Deer move for simple reasons. In this post we discuss deer feeding times, and why that’s an important factor when planning your hunts.
What time should I go out and hunt today? is a question that runs through every deer hunter’s mind each time they have the chance to hit the woods. Not all of us have the luxury (or endurance) to spend a full day on the stand, so it’s a matter of weighing the odds and making the difficult choice of when to go out. This post will hopefully help you better understand deer feeding times and why the morning and evening time slots are critical to hunters.
We often make things more complicated than they are, but it’s always good to remember that deer move for simple reasons - either to and from their bedding areas or coming and going from a food source. It’s important to focus on these common patterns to try and maximize hunting opportunities when you have limited time. We all have busy lives outside of hunting, so we need to be smart about timing our efforts.
Breaking down deer feeding times
Deer are crepuscular mammals. Not to get all latin on you, but the word crepuscular comes from the latin word crepusculum, which means “twilight”. Crepuscular critters are those that are most active during the twilight hours (i.e., the period immediately after dawn and right before dusk). This is not to say that these animals only move at these times, but it’s why we generally see peak activity in the morning and evenings from deer. Simply put, this is when deer are typically out feeding.
As most hunters know, the prime time sits are either in the morning or in the evening. But why? Going back to deer movement and feeding times, these windows of time are when deer are most active out feeding - which is why we typically concentrate our hunting efforts when either the sun is coming up in the morning or going down in the evening. However, it’s important to keep in mind that deer can move for a variety of other reasons throughout the day, and there is the chance that bucks could be out cruising in the afternoon, especially during the rut. A lot of hardcore whitetail hunters out there actually advocate for those afternoon timeslots. But going back to maximizing your time in the stand, it’s best to focus on the mornings or evenings when you have limited time to get out and hunt.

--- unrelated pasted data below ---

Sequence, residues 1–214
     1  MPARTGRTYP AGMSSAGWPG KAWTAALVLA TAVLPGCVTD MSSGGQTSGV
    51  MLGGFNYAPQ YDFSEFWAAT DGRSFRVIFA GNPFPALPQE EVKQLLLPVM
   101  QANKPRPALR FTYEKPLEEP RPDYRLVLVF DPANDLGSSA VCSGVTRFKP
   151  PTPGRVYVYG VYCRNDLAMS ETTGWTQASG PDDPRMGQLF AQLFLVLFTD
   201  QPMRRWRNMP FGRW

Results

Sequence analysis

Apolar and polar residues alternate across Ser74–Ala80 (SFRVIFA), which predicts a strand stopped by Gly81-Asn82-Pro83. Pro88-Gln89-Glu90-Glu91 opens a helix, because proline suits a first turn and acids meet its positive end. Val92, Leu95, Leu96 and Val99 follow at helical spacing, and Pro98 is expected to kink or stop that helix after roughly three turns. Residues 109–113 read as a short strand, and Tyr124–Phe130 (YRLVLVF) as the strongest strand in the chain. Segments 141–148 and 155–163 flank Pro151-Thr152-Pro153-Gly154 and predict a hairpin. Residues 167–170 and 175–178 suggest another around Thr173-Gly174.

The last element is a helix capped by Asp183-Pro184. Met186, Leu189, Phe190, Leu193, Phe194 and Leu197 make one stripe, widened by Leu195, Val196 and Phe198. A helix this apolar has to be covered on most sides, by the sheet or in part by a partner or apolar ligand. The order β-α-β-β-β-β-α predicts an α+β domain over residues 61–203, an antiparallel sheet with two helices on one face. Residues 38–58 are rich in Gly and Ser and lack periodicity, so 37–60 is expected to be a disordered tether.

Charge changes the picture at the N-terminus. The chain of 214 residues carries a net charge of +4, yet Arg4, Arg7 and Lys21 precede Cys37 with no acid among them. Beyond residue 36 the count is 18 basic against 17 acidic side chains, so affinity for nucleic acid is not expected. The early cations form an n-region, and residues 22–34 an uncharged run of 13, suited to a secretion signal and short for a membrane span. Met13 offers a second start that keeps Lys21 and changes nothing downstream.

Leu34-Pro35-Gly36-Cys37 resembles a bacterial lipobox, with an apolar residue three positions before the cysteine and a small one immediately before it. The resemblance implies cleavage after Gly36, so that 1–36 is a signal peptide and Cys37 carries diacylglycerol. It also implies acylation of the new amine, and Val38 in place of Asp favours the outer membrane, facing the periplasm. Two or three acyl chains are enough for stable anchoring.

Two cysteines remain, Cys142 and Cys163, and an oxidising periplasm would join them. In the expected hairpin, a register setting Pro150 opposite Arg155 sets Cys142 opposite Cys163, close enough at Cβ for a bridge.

Know what deer are feeding on
It’s critical to know when deer tend to move for food, but it’s also important to understand what types of food sources deer are moving to throughout the year. If you want to find more deer, you need to figure out what type of food sources deer are hitting. As the season progresses deer seek out different types of food depending on their nutritional needs for that particular time of year.
Deer are actually pretty lazy when it comes to choosing what meal to snack on. They’re going to pick the food source that offers the least path to resistance. Like trout, they are going to eat what’s right in front of them, and they don’t want to work too hard for that meal when it comes to taking on calories. As the season progresses, deer will feed on areas with the densest amount of food per acre. More to come on what types of food deer are eating in upcoming posts.
In summary, it’s important to keep in mind when deer are feeding and concentrate your efforts around those first couple of hours of daylight and those magical few hours before sundown. Deer move for a reason - either to/from bedding or looking for food, and once you know when deer are moving in your area, you can use that your advantage to slip in and capitalize on that mature whitetail.